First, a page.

Market Volatility and Risk – Most investments have some element of risk: The value of your investment can fall or fluctuate meaningfully in price. Real estate markets are not immune and do experience periods of volatility and downturns. Economic factors, such as interest rates, unemployment rates, and local market conditions, can significantly impact property values and rental demand. While positive cash flow is a positive aspect, losing renters and not being able to fill the vacancy within a reasonable period of time can get investors into financial trouble.
Regulatory and Legal Considerations – Like most investments, there are legal and regulatory matters that cannot be ignored. A practicing real estate attorney can be a good resource to help an investor navigate these areas. Real estate investments are subject to laws, regulations, and local ordinances. Landlord-tenant laws (e.g. lease agreements), zoning regulations, building codes, and other legal considerations can create additional complexities and responsibilities for real estate investors. Another aspect to consider is being properly insured for potential catastrophic losses (e.g. fire) and/or liability issues (i.e. tenant lawsuits) that arise.
Real Estate is a fascinating asset and investment. While the pros and cons of investing in real estate discussed here definitely are not an exhaustive list, hopefully they will help you get started if you’re considering it for your investment strategy. Real Estate is tangible and observable as you go about your daily routine and takes up such a large amount of assets globally, making it hard to ignore. In the follow-on article, we’ll narrow the discussion down to how this asset class may play into a retirement strategy and the points investors should consider if pursuing this path. Learn more about our investment services.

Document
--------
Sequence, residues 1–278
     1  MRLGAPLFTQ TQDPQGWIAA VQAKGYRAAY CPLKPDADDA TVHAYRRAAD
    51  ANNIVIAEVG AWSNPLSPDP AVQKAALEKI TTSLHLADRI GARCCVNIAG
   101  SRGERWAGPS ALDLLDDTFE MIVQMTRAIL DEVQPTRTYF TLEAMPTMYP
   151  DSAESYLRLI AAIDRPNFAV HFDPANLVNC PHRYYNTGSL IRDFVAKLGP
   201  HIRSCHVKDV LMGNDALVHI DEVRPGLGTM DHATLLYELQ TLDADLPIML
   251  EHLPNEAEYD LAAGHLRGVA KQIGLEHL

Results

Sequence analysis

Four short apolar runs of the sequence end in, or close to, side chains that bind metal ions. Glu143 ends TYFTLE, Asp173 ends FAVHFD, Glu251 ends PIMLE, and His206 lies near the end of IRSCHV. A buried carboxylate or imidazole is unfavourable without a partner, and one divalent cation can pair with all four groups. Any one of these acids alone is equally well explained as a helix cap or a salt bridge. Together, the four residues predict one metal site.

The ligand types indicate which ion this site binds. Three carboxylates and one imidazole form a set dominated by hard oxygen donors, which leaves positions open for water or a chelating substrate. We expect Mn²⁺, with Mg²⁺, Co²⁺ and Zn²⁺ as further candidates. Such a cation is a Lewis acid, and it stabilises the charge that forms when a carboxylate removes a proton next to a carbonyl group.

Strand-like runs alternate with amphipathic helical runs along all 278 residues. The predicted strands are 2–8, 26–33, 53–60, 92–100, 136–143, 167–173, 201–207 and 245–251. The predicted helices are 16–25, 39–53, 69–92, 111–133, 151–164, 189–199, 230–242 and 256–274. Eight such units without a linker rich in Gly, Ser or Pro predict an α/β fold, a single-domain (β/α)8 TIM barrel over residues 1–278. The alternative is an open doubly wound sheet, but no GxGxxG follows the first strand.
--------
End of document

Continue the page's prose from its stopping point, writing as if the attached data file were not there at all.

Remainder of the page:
Halbert Hargrove Global Advisors, LLC (“HH”) is an SEC registered investment adviser located in Long Beach, California. Registration does not imply a certain level of skill or training. Additional information about HH, including our registration status, fees, and services can be found at www.halberthargrove.com. This blog is provided for informational purposes only and should not be construed as personalized investment advice. It should not be construed as a solicitation to offer personal securities transactions or provide personalized investment advice. The information provided does not constitute any legal, tax or accounting advice. We recommend that you seek the advice of a qualified attorney and accountant.